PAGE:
Special Issue "Increase in Geriatric Trauma: Current Knowledge and Future Solutions"

A special issue of Medicina (ISSN 1648-9144). This special issue belongs to the section "Geriatrics/Aging".

Deadline for manuscript submissions: 1 June 2023 | Viewed by 793

Special Issue Editor

Prof. Dr. Matthias Knobe
Guest Editor
1. Medical Faculty, University of Zurich, Zurich, Switzerland
2. RWTH Aachen University Hospital, Aachen, Germany
Interests: anchorage strategies in geriatric hip fracture management; fragility fracture; fall prevention; ortho-geriatric co-management; geriatric trauma center; medical education; biomechanical investigations; microcirculation
Special Issues, Collections and Topics in MDPI journals

Special Issue Information

Dear Colleagues,

Geriatric trauma care is gaining more importance due to demographic changes. This growth in geriatric trauma patients presents a great challenge for the treating physicians. In addition to poor bone quality, which makes fracture fixation more difficult, comorbid conditions often lead to perioperative complications and hamper rehabilitation. Considering all these factors, geriatric trauma has great social and economic implications.

Surgical treatment should be straightforward and less invasive, allow immediate weight-bearing, and should be associated with a low complication rate. Various factors, such as patient age, comorbidities, activity level, age of the fracture or pre-injury arthrosis, and experience of the surgeon influence the decision-making for fixation. However, in recent years, cement augmentation strategies came to the fore and were discussed to an increasing degree. In addition, recent studies showed a benefit of the treatment of bone loss in proximal femurs of postmenopausal osteoporotic women with a local osteo-enhancement procedure which increased hip bone mineral density and hip strength to avoid hip fractures in the future.

The purpose of this Special Issue is to discuss the evidence for the fixation/prosthetic treatment of osteoporotic fractures in the elderly considering innovations and developments in the future as well. The scope of the Issue is deliberately broad in order to encourage the coverage of a wide range of topics and perspectives related to the management of geriatric fractures. This includes not only clinical treatments but also biomechanical considerations regarding implant anchorage, patient experience, epidemiology, service delivery, health promotion, complex co-management strategies in geriatric fracture care including fall prevention, and new interdisciplinary developments like the installation of a fracture liaison service or a geriatric fracture center. Promising first results of preventive minimally-invasive surgical interventions to treat osteoporotic bone loss and reduce hip fracture risk provide strong rationale for further clinical investigation.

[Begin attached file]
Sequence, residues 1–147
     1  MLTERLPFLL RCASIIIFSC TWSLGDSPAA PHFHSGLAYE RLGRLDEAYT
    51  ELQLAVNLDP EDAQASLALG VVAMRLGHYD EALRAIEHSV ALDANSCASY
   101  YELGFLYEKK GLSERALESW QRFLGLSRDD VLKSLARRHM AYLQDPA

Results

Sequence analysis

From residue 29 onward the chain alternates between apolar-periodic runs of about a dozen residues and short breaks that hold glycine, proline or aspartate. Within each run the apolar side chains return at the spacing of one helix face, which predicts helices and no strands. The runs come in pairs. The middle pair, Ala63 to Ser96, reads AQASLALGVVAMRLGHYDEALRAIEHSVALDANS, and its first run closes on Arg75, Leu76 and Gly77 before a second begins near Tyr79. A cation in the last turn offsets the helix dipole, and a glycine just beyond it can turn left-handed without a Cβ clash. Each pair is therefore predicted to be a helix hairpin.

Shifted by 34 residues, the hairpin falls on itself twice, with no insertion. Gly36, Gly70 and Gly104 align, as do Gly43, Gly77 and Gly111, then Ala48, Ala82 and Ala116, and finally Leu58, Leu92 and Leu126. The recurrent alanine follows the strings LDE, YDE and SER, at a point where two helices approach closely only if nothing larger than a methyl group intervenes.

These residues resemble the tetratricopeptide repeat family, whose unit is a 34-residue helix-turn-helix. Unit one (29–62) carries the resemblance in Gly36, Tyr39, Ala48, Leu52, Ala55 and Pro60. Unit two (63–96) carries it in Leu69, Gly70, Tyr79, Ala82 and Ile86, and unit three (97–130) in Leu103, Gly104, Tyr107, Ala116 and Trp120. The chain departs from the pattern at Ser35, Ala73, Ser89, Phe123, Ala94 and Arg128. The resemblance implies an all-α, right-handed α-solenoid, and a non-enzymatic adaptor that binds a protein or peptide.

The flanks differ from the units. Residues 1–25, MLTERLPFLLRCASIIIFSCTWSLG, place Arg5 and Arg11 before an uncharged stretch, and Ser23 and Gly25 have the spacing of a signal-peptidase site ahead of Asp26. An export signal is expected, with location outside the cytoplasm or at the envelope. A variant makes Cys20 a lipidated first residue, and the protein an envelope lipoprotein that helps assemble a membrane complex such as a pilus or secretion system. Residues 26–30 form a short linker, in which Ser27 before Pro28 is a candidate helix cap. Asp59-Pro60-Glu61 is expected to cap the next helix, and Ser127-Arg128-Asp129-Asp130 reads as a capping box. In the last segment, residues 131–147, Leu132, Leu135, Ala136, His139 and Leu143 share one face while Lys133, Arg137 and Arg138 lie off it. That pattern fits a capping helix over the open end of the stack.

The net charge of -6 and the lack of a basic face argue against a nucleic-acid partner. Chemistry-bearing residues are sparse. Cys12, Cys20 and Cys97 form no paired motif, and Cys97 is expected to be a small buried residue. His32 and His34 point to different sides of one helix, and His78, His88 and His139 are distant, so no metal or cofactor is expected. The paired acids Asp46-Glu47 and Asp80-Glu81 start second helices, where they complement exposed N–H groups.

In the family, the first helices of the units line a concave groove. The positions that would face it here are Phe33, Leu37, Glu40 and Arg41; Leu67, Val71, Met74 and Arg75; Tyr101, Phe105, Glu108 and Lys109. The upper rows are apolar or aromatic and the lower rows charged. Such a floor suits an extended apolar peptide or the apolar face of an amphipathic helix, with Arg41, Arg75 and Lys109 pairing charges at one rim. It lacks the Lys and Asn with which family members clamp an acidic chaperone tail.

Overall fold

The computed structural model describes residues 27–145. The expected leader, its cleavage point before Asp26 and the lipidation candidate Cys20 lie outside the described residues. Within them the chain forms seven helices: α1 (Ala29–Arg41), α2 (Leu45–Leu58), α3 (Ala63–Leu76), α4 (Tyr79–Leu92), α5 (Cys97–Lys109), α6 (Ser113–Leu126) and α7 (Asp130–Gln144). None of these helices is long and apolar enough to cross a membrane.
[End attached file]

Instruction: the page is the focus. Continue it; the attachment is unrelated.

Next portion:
Prof. Dr. Matthias Knobe
Guest Editor

Manuscript Submission Information

Manuscripts should be submitted online at www.mdpi.com by registering and logging in to this website. Once you are registered, click here to go to the submission form. Manuscripts can be submitted until the deadline. All submissions that pass pre-check are peer-reviewed. Accepted papers will be published continuously in the journal (as soon as accepted) and will be listed together on the special issue website. Research articles, review articles as well as short communications are invited. For planned papers, a title and short abstract (about 100 words) can be sent to the Editorial Office for announcement on this website.